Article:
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Anxiety in Eldoret after NGO ‘forcibly’ circumcises 30 boys

Wednesday April 22 2015

Sila Boit, Uasin Gishu County Executive for

Sila Boit, Uasin Gishu County Executive for Health (right) and Dr Evans Kiprotich, Director of Health Services in the county talks to boys from Kapsoya Estate in Eldoret Town at the Kapsoya Health Centre on April 22, 2015, where they were taken for check-up, after they were allegedly forcefully circumcised by an NGO. PHOTO | JARED NYATAYA | NATION MEDIA GROUP 

By COPPERFIELD LAGAT
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Anxiety has gripped Eldoret in Uasin Gishu after an estimated 30 children were forcibly circumcised by a non-governmental organization based in Kisumu and which has a clinic in Eldoret.

The Impact Research Development Organisation is alleged to have performed the circumcision on the school-going children last week in various parts of Eldoret, when learners came home for the April holiday.

The mood was tense Wednesday evening at Kapsoya Estate as mothers wailed uncontrollably after realising that their sons, some as young as six years old, were circumcised by the organisation without their consent.

Lucy Ekwong said she had gone to town but did not find her two sons upon arriving home in the evening.

She would later find out that they were nursing pains at a Sudanese neighbour’s house.

“I had gone to town but when I came back in the evening, my two children, aged six and eight were in my neighbour’s house.

LURED WITH SWEETS

“The young one said they were offered sweets and taken to a clinic in Langas where many boys were circumcised,” the bitter mother said.

“I was shocked but immediately took up to caring for them. I later talked to a police officer who denied knowing of such an activity.

“I am so confused because the surgery itself is not according to the requirements of the Kalenjin traditions.

“My people in the village, upon learning of that, are accusing me of doing it on my sons,” said Ms Ekwong.

Some of the children were from the South Sudan Nuer community which does not perform circumcision on their boys.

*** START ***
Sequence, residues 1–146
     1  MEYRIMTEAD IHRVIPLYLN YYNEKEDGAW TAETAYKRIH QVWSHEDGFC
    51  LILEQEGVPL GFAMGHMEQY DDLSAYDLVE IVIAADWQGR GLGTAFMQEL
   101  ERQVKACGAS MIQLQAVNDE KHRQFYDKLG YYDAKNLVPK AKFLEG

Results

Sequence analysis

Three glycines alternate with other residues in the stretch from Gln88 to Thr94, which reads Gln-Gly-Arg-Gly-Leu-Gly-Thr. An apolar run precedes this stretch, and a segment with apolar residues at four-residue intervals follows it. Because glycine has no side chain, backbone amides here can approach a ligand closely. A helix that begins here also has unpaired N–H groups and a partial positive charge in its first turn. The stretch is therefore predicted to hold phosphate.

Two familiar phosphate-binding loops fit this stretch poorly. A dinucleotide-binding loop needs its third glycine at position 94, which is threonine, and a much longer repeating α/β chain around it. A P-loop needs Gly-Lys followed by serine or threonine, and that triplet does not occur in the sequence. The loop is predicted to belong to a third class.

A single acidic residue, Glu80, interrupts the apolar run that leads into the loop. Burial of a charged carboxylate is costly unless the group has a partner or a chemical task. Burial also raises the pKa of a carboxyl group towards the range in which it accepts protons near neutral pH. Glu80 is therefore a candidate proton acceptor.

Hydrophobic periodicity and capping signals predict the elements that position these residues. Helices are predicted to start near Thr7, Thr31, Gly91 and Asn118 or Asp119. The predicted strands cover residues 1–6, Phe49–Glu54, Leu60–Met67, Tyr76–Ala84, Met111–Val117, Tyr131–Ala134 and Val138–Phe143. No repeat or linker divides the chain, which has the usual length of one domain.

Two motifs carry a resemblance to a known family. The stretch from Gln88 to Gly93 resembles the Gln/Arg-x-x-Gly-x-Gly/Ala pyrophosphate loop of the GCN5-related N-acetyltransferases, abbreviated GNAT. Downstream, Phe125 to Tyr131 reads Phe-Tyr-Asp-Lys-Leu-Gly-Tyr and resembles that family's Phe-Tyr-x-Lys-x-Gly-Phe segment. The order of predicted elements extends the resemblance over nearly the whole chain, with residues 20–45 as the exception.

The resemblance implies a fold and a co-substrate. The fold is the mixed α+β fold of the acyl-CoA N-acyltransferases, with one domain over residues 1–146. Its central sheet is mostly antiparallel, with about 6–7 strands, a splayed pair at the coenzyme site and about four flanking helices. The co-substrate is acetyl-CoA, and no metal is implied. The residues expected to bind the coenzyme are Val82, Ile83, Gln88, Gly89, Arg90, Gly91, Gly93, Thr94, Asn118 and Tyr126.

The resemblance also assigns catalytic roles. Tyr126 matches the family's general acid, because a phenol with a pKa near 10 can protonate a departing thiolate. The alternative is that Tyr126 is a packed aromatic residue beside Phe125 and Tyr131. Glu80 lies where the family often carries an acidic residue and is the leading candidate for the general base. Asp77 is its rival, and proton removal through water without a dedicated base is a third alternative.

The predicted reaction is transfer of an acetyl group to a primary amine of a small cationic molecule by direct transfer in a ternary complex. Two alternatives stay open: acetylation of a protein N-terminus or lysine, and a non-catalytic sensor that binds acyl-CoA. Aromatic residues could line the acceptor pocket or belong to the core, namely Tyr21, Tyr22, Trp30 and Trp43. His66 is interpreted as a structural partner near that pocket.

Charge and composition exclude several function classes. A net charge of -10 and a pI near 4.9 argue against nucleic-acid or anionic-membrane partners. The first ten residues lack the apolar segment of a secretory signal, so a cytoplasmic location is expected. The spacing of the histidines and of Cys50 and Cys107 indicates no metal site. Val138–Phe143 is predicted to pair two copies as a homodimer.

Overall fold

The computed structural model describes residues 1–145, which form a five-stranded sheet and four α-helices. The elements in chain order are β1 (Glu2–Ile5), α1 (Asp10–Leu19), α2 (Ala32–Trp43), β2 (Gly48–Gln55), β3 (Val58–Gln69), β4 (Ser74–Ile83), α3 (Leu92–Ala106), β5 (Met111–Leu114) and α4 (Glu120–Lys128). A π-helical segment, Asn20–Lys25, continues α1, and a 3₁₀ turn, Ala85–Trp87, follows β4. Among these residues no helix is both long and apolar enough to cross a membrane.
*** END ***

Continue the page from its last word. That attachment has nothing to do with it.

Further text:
The community regards the act of circumcision as a taboo and anyone conducting it is banished.

Only two children, who were from Islamic Center, were Kalenjins while close to 30 others were those from South Sudan.

A Sudanese national, Madol Anyief said: “Our Dinka Bor community does not perform circumcision. Anyone who is circumcised is banished and disowned.

“It is said these people were going around saying the government has directed circumcision but we have later been assured that the county has no such programme,” Anyief said, adding that she did not question much because she was a foreigner and feared for her life.

According to reports corroborated by the circumcised boys, sweets were used by people who were in cars to lure them.

MORE THAN A HUNDRED

One of them said they were more than a hundred only that some were hiding in their homes.

Uasin Gishu County’s Chief Officer for Health Mr Silas Boit said the revelation came during a normal supervision at Kapsoya Health Centre on Tuesday when they met a young boy who was walking in pain.

“We asked further and we were told that there was a forceful circumcision that the NGO had conducted. The boy had a urinal retention complication due to the surgery,” Mr Boit said.

The health officer said they went round the estate and got over 30 other boys in pain in their various homes.

Some who were suspected to be developing infections were referred to Moi Teaching and Referral Hospital for medication.

Mr Boit said police and the county officials managed to arrest three officers from the NGO who were booked at Kapsoya Police Post.

Mr Boit said: “We were shocked after realising that the car in which the suspects had been arrested was released and was going around collecting the boys to ferry them to hospital,” Boit said.

He added that the OCS had promised to take the suspects to court.

Meanwhile, parents have been urged to keep a close watch on their children.